As the Rose Blossoms: The Ongoing Unfolding of a Dream’s Meaning

Cultivate dreams like roses.

Be Sure to Smell the Roses!

Like the pedals of a rose, a dream’s meaning may take a while to unfold, only coming to complete disclosure many years after the dream itself was dreamed. What may appear to be at first a tightly bound and unpromising dream, could be just a bud making its first appearance, and eventually come into full glory it is own season.

Most of us have no trouble remembering a great dream or one loaded with feeling. There are usually three or four dreams that will hold clear in the memory over a lifetime. But in our lifetime we have many thousands of dreams, which for most people, pass by unrecognized, devalued and not learned from. Dream journaling, the practice of recording every dream we can remember, is a significant step to reclaiming the lost wisdom in those other dreams. It is a way of cultivating the unpromising buds and most importantly, it is a way of harvesting the magnificent result.

When we have a dream we remember, most of us will give it a moment’s thought and then forget about it. If we have good memories, or good associational abilities, we might remember the dream when something happens in our waking life to trigger the memory of that dream. Then we might see the connection between the dream and what it might be saying about something happening in our waking life.

Writing down the dream allows us to not only make note of the dream, but it also encourages us to give more than a passing thought to the dream. We can reflect on it and ask ourselves what this dream is trying to tell us about our lives right now. More importantly, it will also allow the dreamer to come back months and years later to see how that dream—one which may have long been forgotten—unfolded and blossomed, and how it manifested over the years, giving perhaps an entirely different meaning than the one first ascribed to it, and giving new insight into a major theme of life’s meaning.

  • There may be a meaning given to the dream at its first appearance, in mid-bloom perhaps some months or years later, and in full bloom when the dream fully manifests itself, sometimes much later in waking life. Reviewing the dream journal at various stages, and making note of the various meanings given to the dream at each stage, gives new and growing perspectives.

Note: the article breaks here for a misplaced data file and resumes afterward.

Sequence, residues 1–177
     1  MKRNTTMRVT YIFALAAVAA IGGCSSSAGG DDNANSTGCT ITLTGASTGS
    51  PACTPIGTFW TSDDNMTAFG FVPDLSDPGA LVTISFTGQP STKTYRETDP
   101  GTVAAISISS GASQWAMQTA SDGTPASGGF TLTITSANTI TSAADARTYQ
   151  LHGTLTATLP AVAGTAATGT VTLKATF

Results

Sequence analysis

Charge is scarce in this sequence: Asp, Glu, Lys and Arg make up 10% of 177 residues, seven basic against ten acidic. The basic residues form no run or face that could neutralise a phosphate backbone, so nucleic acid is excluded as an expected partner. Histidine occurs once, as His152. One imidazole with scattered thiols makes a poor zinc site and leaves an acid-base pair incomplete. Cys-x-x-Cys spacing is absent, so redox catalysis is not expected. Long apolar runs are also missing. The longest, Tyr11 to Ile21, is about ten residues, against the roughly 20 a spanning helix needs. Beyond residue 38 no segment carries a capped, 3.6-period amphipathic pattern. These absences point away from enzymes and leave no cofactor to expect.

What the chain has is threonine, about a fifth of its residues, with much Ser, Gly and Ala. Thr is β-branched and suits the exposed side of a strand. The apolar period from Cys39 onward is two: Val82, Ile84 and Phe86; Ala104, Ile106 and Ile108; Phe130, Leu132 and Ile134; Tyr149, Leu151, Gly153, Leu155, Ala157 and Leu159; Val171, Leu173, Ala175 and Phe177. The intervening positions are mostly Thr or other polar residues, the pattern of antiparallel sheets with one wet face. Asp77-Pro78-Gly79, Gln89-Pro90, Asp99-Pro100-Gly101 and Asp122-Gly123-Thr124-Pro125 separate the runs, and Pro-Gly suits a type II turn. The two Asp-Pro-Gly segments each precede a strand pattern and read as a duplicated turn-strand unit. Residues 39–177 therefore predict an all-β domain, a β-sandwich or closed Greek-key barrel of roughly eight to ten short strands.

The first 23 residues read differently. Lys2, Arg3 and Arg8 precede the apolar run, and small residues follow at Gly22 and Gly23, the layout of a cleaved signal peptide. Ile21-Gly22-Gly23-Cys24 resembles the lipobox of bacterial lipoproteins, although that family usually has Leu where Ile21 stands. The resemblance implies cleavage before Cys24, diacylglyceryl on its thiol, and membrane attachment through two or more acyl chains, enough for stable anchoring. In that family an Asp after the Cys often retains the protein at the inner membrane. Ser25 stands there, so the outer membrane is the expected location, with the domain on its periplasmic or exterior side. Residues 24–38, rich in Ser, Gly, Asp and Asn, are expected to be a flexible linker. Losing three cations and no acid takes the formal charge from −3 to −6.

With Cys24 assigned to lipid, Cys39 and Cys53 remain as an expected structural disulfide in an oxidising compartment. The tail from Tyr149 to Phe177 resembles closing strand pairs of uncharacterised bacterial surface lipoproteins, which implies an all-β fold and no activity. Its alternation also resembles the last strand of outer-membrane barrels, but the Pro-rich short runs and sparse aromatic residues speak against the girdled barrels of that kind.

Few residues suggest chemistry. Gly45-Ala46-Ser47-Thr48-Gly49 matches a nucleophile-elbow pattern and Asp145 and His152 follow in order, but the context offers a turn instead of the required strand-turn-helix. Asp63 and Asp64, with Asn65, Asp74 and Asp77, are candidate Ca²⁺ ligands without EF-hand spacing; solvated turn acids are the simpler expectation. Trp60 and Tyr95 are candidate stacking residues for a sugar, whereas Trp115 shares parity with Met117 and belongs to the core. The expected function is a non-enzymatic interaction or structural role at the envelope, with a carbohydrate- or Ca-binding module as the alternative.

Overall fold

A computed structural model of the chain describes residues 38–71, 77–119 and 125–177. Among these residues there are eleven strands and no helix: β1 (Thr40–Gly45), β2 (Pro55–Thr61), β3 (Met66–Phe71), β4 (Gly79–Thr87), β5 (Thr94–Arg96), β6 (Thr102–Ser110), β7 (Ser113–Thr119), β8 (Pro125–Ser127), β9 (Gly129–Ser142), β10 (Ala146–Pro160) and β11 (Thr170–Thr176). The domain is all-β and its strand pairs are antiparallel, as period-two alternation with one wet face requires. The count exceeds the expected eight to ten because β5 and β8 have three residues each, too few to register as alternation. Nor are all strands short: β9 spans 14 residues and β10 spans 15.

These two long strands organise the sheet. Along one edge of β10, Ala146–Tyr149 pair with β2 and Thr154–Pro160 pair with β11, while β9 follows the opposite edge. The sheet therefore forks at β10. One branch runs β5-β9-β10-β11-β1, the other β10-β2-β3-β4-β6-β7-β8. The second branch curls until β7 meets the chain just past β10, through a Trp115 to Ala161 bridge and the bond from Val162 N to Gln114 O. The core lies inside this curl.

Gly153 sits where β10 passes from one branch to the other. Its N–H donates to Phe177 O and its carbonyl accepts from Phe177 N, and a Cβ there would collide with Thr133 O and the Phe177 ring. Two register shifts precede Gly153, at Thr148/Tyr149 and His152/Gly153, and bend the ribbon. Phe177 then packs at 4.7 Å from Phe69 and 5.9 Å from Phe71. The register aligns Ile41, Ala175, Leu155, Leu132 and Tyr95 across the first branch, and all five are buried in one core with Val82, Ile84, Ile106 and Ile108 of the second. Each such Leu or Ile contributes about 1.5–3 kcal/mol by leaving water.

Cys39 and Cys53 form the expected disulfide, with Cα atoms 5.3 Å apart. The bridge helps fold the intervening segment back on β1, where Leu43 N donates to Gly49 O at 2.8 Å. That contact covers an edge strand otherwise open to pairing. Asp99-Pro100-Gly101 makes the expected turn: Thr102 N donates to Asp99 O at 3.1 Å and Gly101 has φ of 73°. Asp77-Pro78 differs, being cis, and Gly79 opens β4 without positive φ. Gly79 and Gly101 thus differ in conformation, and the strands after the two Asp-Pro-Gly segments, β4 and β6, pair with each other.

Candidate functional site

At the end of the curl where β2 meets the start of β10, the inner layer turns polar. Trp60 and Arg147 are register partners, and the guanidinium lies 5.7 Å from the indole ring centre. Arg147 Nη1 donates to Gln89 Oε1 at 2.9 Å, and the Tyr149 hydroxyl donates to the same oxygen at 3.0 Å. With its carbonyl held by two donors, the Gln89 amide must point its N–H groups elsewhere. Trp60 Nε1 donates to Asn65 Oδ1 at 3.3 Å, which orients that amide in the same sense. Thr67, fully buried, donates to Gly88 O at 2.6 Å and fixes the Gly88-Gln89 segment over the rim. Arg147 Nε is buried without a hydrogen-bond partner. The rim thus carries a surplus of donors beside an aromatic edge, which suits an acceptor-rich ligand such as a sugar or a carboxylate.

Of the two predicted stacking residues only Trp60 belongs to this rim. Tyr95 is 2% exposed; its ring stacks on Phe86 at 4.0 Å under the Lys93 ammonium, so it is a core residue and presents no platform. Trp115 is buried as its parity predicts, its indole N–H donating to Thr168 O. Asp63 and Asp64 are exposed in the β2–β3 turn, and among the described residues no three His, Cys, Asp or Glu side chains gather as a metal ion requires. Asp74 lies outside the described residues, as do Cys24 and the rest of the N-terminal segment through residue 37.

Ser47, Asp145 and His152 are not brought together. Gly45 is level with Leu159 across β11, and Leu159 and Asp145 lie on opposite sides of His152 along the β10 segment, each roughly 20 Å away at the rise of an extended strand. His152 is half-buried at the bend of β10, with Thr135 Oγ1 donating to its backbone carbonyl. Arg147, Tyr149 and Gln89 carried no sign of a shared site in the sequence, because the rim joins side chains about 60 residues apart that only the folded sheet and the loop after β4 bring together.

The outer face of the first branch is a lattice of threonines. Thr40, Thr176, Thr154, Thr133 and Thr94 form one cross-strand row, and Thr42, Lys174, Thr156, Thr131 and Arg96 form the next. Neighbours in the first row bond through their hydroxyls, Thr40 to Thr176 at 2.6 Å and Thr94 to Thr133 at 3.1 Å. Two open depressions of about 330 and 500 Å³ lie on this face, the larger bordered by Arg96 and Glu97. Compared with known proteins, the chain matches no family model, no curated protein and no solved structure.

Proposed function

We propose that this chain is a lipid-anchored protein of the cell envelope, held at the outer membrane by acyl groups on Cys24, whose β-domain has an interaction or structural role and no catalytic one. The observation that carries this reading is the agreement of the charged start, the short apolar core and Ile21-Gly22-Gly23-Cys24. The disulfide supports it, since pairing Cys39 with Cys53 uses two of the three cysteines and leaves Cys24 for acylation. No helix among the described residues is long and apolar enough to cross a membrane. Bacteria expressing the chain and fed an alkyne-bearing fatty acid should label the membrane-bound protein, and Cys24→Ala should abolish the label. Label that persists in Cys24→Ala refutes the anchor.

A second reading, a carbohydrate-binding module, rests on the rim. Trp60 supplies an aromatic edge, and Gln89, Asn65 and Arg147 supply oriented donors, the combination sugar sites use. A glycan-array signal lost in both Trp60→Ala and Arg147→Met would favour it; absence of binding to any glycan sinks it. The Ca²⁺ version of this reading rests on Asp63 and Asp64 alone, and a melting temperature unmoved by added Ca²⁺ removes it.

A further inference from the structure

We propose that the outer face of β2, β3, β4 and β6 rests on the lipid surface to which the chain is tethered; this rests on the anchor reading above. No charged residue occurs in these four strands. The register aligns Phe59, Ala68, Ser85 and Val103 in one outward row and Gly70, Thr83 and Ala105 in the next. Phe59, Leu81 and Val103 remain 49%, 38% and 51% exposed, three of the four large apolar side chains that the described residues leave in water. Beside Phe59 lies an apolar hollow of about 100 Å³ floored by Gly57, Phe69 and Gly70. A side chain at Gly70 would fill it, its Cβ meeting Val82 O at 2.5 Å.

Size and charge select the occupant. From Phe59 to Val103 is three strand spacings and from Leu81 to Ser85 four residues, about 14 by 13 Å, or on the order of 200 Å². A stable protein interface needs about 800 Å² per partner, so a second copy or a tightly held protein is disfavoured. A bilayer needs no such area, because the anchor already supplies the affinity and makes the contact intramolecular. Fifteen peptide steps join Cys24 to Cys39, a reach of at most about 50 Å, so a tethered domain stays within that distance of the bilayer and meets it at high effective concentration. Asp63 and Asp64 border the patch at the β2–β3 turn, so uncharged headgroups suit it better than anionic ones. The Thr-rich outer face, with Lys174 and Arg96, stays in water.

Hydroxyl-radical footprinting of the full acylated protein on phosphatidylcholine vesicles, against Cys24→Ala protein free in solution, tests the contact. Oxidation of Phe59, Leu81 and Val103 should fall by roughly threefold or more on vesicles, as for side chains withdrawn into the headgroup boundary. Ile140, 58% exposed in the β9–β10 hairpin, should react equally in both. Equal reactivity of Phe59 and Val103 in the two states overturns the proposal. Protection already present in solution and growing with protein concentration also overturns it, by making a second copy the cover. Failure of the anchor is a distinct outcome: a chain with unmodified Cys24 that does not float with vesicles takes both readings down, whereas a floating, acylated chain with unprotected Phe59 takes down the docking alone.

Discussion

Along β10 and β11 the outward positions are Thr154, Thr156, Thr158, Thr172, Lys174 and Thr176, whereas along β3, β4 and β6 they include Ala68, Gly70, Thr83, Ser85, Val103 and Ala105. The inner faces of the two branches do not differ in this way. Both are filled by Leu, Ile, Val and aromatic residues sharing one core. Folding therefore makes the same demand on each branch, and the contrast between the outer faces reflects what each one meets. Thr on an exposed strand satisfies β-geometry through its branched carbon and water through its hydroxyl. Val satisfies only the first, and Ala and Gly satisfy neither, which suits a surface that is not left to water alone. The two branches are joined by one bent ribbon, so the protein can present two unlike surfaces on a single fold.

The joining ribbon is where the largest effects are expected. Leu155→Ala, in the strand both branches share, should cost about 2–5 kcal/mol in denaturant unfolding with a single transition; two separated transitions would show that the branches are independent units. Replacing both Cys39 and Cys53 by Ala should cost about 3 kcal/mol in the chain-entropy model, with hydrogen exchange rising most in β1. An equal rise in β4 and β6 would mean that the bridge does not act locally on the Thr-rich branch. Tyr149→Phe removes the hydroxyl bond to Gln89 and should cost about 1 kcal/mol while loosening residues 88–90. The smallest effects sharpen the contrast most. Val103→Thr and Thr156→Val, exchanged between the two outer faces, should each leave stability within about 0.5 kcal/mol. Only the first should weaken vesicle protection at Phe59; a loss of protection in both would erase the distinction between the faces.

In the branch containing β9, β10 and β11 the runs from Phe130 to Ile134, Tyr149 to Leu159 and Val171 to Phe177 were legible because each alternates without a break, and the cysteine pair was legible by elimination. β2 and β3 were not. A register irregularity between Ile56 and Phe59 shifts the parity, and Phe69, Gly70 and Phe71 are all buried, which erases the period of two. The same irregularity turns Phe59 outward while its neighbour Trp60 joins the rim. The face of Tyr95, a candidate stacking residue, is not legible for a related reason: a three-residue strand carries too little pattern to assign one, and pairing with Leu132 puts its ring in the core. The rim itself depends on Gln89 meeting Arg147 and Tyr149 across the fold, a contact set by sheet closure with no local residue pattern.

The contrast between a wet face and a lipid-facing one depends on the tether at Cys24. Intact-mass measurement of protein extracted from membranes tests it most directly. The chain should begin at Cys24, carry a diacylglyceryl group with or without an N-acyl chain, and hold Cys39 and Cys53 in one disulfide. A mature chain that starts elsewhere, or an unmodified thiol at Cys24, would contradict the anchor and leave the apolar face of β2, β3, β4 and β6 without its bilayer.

• The dreamer may also note other dreams that may be related to, or be an development of the original dream.

With these dreams as guideposts to see how they correspond to and inform waking reality, inner spiritual growth may be monitored and appreciated. The dreamer can easily see then that one tiny dream may blossom into a magnificent flower or may contain the seeds for a garden of roses, and that deep within us lives the wisdom for living our lives.

To learn more about dreams and dreamwork, visit my website at http://www.healingdreamgarden.com.

Learning to Trust Inner Wisdom: Often a Slow Process

Intuitive mind is a gift.  Rational mind is a servant.  Our society honors the servant.

Image via Pinterest

Two of the biggest stumbling blocks to intuitive learning are a reluctance to trust:

  1. information coming from our own inner resources and
  2. the process for acquiring that information.

There are many reasons for this which can range from our society’s distrust of information that cannot be quantified in a scientific manner to the prejudices of our education and upbringing which didn’t teach us to be intuitive or actually discouraged us from trying to be intuitive. For example, many of us were told to not take dreams seriously, or were told to ignore a gut feeling that was gnawing away at us. If we are uncertain or ignorant about our interior resources, we most certainly will be distrustful of processes that claim to nurture or access those resources.

It seems that people come to the awareness that they can trust their inner resources through some serendipitous event, a freely given grace in their lives. After such a significant event, people may begin to reflect upon the event because it has made such a significant impact in their lives. After a series of similar “inner knowings” coming at times when needed, people then begin to take their inner wisdom seriously. And only after all this, do they set about learning ways that can pro-actively access that inner wisdom. It is often a slow learning process.

I am reminded of a comment one of my friends said to me the other day. She had been nervous about getting a scan of her head, wondering what the outcome would be. Just before the procedure she had an unsolicited dream which told her things would be fine, no doubt giving her more confidence when she went for the test. That indeed turned out to be the case! She was excited and happy to tell me what happened. She said, “I remember you said something like this can happen. Now I know it can!” What was important to her was the discovery that her own inner wisdom could accurately tell her something she wanted to know. My telling her numerous times before did not make the initial difference. It was her own discovery that opened up new doors to personal awareness. What I told her was just another confirmation of the validity of her ability. This illustrates the importance of being open to challenging experiences, as she is, especially when it comes to developing a trust in our own inner wisdom. Now that she knew she had the inner resources, I reminded her she could access this information in a pro-active way (Dream Incubation) by requesting dreams that would answer specific questions to future concerns she might have. By the look on her face, I suspected she had some natural doubts about this happening but I have no doubt that eventually she will come to trust the process if she thinks to ask for a dream.